What Is Return on Policyholder Surplus?
Return on policyholder surplus is the ratio of an insurance company’s net income to its policyholder surplus. Policyholder surplus is the assets of an insurance company owned by its policyholders minus its liabilities. The goal of return on policyholder surplus is to gauge the financial fitness of an insurance company and determine how much revenue it can turn into profit.
- Return on policyholder surplus is a ratio used in the insurance industry to gauge an insurance company's financial fitness.
- Net income is compared to the policyholder surplus to arrive at the ratio.
- The return on policyholder surplus aims to show how much profit an insurance company makes relative to the revenue it generates from its underwriting policies and its investment proceeds.
- After-tax income and capital gains are added together then divided by policyholder surplus to determine the return on policyholder surplus.
- Factors that impact the return on policyholder surplus include stock market performance, percentage of claim payouts, and the risk levels of written policies.
- For most states, the return on policyholder surplus is available through the Insurance Regulatory Information System (IRIS) administered by the National Association of Insurance Commissioners (NAIC).
Understanding Return on Policyholder Surplus
The return on policyholder surplus shows how much profit an insurance company can bring in relative to the amount of revenue it generates from underwriting insurance policies and investing proceeds, with policyholder surplus representing how much an insurer’s assets exceed its liabilities.
The ratio is calculated by dividing an insurance company’s after-tax income and capital gains by its policyholder surplus, with the policyholder surplus standing in for the insurance company’s assets. It is similar to the return on equity (ROE) measurement used in other industries and is a measurement of an insurance company’s financial health. It is usually expressed as a percentage.
Factors Impacting Return on Policyholder Surplus
The return on policyholder surplus is impacted by the type of insurance policies underwritten, the state of the economy, and the likelihood of claims being filed. A lack of competition in the market can allow an insurance company to increase insurance premium prices, which will bring in more revenue.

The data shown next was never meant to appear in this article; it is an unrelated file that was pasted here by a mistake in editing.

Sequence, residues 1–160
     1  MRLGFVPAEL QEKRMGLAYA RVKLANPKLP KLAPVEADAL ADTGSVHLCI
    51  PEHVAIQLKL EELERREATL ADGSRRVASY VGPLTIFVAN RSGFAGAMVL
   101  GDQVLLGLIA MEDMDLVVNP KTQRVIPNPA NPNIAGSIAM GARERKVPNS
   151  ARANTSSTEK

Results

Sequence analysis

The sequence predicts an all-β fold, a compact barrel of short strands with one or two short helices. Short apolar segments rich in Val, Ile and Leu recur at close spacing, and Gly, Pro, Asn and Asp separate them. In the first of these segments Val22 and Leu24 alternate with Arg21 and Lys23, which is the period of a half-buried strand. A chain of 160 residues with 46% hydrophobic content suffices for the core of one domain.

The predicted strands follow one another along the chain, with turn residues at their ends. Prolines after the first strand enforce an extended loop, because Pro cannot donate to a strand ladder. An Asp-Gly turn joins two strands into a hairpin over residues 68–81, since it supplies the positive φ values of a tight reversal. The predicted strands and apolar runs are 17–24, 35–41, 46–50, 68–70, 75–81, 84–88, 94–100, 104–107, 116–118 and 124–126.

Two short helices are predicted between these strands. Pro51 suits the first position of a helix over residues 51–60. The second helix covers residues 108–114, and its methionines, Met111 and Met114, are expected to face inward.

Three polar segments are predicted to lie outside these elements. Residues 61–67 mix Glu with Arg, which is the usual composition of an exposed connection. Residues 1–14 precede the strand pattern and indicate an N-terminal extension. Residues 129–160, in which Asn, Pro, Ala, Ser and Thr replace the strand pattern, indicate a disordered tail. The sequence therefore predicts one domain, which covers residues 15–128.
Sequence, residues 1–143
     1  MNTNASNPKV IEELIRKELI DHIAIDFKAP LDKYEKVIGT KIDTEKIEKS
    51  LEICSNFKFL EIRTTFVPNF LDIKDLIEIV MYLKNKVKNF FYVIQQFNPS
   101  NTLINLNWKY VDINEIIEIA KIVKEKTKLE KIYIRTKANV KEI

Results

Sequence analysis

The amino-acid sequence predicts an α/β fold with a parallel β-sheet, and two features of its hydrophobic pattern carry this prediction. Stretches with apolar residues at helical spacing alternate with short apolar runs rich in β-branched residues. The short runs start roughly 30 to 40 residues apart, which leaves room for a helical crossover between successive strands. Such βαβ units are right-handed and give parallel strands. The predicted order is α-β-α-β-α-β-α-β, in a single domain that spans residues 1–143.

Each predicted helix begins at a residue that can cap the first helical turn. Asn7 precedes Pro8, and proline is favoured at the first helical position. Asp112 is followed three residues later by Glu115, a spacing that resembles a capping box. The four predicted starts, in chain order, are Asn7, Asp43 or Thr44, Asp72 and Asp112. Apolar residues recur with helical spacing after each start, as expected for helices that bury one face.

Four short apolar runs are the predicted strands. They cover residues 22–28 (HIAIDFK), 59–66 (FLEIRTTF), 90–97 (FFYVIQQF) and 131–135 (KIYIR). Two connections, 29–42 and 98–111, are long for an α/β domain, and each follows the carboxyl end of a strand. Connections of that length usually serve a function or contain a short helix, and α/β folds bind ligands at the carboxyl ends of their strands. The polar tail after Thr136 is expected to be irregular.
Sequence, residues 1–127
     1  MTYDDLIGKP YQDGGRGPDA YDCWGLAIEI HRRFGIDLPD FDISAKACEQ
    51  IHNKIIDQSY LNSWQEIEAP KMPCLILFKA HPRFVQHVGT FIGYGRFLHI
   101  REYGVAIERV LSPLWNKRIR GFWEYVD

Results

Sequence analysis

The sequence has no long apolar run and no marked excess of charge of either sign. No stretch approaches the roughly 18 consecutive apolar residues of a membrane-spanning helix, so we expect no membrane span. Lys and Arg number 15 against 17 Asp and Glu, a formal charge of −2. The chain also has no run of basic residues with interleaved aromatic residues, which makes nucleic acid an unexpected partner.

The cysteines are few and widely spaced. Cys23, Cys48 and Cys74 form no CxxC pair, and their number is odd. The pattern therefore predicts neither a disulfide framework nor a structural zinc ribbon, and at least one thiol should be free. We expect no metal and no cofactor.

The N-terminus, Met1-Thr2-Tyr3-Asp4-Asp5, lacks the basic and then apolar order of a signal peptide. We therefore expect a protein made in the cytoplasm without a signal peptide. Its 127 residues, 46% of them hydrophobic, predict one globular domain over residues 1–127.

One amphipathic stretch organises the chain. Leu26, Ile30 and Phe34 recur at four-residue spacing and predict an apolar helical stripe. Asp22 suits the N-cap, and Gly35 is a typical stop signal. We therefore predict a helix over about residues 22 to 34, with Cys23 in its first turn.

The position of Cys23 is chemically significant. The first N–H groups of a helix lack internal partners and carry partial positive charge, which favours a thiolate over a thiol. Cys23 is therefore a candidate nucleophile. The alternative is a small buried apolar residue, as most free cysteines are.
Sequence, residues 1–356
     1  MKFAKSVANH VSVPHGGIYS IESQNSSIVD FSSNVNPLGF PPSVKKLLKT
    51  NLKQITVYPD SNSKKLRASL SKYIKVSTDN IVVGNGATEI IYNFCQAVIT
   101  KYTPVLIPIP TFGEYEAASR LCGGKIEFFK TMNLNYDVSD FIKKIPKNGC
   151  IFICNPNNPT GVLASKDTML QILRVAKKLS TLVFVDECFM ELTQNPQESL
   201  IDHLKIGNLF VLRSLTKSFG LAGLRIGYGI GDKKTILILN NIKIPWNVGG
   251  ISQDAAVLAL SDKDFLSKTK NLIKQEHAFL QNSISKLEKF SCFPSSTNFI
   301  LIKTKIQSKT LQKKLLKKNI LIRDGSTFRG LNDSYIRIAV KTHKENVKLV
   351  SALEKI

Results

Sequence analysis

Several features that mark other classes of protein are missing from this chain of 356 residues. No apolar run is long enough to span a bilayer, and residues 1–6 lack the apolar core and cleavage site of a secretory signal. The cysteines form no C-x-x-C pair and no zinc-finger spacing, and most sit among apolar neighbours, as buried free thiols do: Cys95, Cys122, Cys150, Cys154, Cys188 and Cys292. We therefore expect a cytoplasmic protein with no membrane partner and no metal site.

This revenue can then be invested in securities, hopefully generating positive returns. A strong economy, specifically in terms of stock market performance, can increase net income once gains are realized.
An insurance company will also benefit from a lack of catastrophes, such as major storms, which lead to many policyholders submitting claims at the same time. For example, if a hurricane devastates many homes in many towns that an insurance company has written policies on, this would drastically impact the insurance company's financial performance.
There are ways insurance companies can mitigate this risk, primarily through allocating out a portion of its insurance risk to reinsurance companies.
Investors examining an insurer’s return on policyholder surplus should also look at the mixture of factors that led to a particular ratio. Was the stock market performing much better than in previous time periods, and does the performance seem sustainable? For example, insurers investing in technology stocks before the dot com bubble could see very high net incomes, though in hindsight the growth was unsustainable.
Did a certain region suffer more natural catastrophes because of a change in climate? What type of policies does the company provide, and are the risks of those policies accounted for properly? For example, the company could offer fire insurance in an area increasingly prone to drought conditions.
Obtaining Return on Policyholder Surplus Data
The return on policyholder surplus ratios is public data in most states, under the National Association of Insurance Commissioners' (NAICs) Insurance Regulatory Information System (IRIS). IRIS is a collection of analytical solvency tools and databases designed to provide state insurance departments with an integrated approach to screening and analyzing the financial condition of insurers operating within their respective states.
IRIS, developed by state insurance regulators participating in NAIC committees, is intended to assist state insurance departments in targeting resources to those insurers in the greatest need of regulatory attention. IRIS is not intended to replace each state insurance department’s own in-depth solvency monitoring efforts, such as financial analyses or examinations, according to the NAIC.